Bibliophile | ‘This Book will Change Your Mind about Mental Health’

This Book will Change Your Mind about Mental Health
by Nathan Filer
Allen & Unwin

Nathan Filer is a mental health nurse whose novel about a young man grieving the loss of his brother (The Shock of the Fall) was a best-seller that has been translated into 30 languages. It took him 9 years to write and although he never specifies the mental illness, the young man in the book suffers from schizophrenia.

So many people responded to the fiction with their own stories that Filer has taken some of these stories to look at the diagnosis, the stigma, the causes, the delusions and the hallucinations of this mental illness. He also investigated the medication and the things that ‘patient information leaflets’ don’t tell.

R D Laing described schizophrenia as “a special strategy that a person invents in order to live in an unlivable situation” but, in caring for patients with the mental illness, Filer could see that popular knowledge on most mental illnesses was often based on ignorance and misinformation.

As Filer notes, “nothing in the world of mental health is uncontroversial” but “when we are talking about mental illness, we are talking about people”. The reader gets to walk in some people’s shoes for a while and find out the difficulties in defining and treating very real and sometimes unbearable pain. As ordinary people recount bizarre beliefs, there is a truth, logic and a desperate emotional need to their behaviours.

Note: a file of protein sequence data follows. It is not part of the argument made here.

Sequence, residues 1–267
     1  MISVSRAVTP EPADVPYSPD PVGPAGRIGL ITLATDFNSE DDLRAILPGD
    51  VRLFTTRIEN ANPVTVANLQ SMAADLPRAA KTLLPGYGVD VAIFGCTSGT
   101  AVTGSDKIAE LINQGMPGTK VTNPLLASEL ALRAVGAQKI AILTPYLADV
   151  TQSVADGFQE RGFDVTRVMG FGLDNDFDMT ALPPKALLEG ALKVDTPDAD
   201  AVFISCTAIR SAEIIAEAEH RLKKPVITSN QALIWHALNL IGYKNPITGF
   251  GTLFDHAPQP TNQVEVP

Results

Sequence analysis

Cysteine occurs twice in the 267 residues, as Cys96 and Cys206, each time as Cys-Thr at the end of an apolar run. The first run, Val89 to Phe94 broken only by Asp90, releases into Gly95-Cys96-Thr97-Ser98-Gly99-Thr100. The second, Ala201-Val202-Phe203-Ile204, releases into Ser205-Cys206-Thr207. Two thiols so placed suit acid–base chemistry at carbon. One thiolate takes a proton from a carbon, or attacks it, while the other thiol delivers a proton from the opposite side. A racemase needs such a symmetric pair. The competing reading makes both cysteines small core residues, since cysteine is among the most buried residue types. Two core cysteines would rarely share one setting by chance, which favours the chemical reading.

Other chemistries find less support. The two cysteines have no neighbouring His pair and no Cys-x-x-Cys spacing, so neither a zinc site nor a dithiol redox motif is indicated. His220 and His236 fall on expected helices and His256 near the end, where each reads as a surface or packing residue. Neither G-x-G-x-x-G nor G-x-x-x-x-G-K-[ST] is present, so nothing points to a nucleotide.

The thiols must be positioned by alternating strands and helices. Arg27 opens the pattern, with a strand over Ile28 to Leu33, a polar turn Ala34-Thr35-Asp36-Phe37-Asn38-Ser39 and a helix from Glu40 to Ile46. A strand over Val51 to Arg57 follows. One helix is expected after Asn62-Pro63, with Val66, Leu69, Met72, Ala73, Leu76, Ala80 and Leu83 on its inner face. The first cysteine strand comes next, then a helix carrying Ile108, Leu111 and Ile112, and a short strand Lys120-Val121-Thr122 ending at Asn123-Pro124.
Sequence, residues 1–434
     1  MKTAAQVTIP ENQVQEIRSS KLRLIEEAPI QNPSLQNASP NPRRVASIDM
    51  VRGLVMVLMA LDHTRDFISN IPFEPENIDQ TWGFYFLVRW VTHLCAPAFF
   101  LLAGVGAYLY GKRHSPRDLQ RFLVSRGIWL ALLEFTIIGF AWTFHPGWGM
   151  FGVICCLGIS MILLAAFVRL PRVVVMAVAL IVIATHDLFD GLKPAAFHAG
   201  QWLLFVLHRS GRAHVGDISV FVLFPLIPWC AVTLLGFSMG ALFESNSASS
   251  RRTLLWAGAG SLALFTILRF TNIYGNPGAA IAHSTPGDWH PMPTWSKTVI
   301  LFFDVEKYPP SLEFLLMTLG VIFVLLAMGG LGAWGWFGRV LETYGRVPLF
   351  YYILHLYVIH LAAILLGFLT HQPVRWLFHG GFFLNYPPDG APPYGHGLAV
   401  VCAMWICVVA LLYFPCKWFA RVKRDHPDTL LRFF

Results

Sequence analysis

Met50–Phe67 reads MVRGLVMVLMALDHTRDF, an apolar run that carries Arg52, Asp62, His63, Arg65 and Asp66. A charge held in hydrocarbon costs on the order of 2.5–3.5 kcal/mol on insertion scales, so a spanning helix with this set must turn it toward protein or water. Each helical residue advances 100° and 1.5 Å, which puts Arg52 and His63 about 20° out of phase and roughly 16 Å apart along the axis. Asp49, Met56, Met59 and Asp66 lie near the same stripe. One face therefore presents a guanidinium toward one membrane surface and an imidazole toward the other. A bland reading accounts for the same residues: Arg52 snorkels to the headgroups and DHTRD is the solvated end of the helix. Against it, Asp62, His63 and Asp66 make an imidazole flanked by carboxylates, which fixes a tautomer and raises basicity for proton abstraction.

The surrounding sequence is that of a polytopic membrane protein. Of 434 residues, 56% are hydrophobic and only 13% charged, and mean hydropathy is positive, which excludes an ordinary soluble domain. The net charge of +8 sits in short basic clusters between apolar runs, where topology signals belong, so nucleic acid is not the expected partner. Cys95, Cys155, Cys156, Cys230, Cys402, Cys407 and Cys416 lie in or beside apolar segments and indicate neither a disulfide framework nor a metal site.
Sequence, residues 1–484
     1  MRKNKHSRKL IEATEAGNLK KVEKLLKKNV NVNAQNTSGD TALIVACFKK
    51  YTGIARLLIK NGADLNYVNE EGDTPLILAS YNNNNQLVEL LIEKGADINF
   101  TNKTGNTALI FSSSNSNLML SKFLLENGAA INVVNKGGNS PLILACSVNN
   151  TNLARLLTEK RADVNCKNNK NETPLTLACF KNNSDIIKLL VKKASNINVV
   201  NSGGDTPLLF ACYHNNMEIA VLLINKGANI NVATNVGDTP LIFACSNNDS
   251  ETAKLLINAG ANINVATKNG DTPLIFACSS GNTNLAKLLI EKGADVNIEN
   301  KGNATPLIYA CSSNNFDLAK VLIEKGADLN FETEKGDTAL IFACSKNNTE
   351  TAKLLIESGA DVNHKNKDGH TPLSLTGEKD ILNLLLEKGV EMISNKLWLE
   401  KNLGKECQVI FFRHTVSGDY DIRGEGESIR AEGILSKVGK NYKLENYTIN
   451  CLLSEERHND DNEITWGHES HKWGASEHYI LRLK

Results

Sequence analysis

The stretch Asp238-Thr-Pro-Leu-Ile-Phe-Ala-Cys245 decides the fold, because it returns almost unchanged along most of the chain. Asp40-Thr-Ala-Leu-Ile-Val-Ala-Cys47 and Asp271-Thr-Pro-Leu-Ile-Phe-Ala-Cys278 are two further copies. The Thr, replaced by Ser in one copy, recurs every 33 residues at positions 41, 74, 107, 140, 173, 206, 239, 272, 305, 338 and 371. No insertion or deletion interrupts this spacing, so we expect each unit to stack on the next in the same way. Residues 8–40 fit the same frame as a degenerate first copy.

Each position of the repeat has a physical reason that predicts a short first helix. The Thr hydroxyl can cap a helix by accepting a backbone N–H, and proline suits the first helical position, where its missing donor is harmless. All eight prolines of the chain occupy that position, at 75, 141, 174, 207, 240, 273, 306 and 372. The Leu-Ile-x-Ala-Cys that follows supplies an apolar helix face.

The book has interesting discussion about the dark art of psychopharmacology and how chemicals can help but also harm and shape the way we think about mental illness. With experts seeing major holes in theories, the mind-altering substances that change behaviours might not be the best way forward.

Filer points out that the mad, mad world of mental health is messy and chaotic, and things are always changing. It was only in 1974 that homosexuality was taken off the list of mental illnesses and masochistic personality disorder (read: the domestic violence you’re suffering is your own fault) appeared on the list in 1987.

“It can be extremely difficult to make sense of, but that doesn’t mean that we shouldn’t try. There’s a frailty to the mental health of everyone. It serves us all to be part of the conversation.” This book gives the reader a chance to be informed and be part of that conversation.

Lezly Herbert

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